The lack of coordination is largely due to the existence of multiple agencies like Bengaluru Development Authority, BBMP, Bengaluru Water Supply and Sewerage Board and Bangalore Metropolitan Region Development Authority, among others whose area of scope overlaps and adds to the lack of coordination between multiple agencies and their exact purpose.
A crackdown by the Karnataka high court, following the tragic death of a 19-year-old medical student on February 6, and hearings of Public Interest Litigations (PILs) have revealed that there are at least 5,435 potholes, bad roads or bad footpaths in Bengaluru, Hindustan Times reported in March.
The data was revealed in a report submitted by the Karnataka State Legal Services Authority (KSLSA) to the Karnataka high court. However, these 5,435 may well be a sampling. KSLSA arrived at these numbers by conducting a surprise inspection of 25 roads in the city based on information collected from volunteers.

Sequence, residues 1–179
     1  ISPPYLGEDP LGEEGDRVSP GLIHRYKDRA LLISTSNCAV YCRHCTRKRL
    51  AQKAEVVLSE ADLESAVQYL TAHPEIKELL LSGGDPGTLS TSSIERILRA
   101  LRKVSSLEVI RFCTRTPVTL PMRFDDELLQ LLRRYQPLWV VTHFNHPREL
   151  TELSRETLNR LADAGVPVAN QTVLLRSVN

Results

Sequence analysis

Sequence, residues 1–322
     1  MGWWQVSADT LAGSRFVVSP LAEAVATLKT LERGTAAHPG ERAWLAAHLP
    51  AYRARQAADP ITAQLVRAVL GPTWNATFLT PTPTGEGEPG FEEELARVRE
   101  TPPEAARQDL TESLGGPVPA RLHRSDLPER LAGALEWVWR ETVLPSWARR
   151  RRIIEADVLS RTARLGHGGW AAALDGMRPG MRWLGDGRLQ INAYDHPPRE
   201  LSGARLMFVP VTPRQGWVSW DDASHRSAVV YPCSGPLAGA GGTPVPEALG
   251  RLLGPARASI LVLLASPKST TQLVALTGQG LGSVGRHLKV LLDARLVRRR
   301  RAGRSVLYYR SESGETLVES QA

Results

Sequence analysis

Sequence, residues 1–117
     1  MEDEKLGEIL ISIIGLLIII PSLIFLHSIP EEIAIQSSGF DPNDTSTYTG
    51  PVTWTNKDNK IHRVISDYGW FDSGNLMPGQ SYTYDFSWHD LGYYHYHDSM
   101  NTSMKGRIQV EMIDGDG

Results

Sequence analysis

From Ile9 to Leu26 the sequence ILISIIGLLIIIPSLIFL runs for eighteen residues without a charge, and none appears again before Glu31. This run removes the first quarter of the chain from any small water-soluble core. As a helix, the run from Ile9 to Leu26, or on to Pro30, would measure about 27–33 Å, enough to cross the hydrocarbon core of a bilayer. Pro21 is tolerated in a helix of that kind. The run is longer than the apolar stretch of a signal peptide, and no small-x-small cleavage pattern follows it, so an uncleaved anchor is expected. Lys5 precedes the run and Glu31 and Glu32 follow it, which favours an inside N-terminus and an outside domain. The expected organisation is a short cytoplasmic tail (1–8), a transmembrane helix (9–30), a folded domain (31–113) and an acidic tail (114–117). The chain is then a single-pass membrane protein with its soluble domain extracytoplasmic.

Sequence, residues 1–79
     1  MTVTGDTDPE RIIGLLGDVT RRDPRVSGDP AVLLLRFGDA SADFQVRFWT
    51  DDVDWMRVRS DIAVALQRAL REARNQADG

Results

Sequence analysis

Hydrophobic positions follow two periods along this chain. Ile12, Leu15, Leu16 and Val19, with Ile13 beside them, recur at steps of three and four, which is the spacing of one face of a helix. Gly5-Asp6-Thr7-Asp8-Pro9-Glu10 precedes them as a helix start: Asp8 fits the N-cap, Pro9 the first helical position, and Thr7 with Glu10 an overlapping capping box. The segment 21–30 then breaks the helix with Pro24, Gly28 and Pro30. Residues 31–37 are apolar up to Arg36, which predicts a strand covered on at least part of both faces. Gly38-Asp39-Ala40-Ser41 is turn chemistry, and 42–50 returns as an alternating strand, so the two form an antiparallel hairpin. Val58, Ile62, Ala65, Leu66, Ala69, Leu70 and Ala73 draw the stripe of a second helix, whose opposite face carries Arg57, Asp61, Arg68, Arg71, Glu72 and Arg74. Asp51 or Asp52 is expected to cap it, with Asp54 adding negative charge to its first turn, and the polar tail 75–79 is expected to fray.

The HC had come down heavily on BBMP’s inaction following the death of a 19-year-old medical student, Tasdeeq Bushra while trying to avoid a pothole and was hit by the truck belonging to BBMP on Lingarajapuram-Hennur main road. “Imagine people dying because of potholes on roads. Imagine the plight of the family,” a division bench of Justice BV Nagarathna and Justice MG Uma said during the hearing of a PIL on February 8, Hindustan Times reported.
According to Knight Frank, a real-estate consulting firm’s Bengaluru Infrastructure Report-2020, the city’s population was projected to rise from 11.69 million in 2011 to 16.48 million in 2021, registering a 40% increase in 10 years as against 29.3% the previous decade.
The vehicular growth has matched the rise in population, 3.79 million in 2010-11 to almost 9.4 million as of May 2020, according to Department of Urban Land Transport and the Knight Frank report.
Bommai has said that he will now supervise all mega projects undertaken in the city and dedicate the first working hour of his day to monitor its progress.
But whether the projects make progress is a question the chief minister has no answer to at the moment.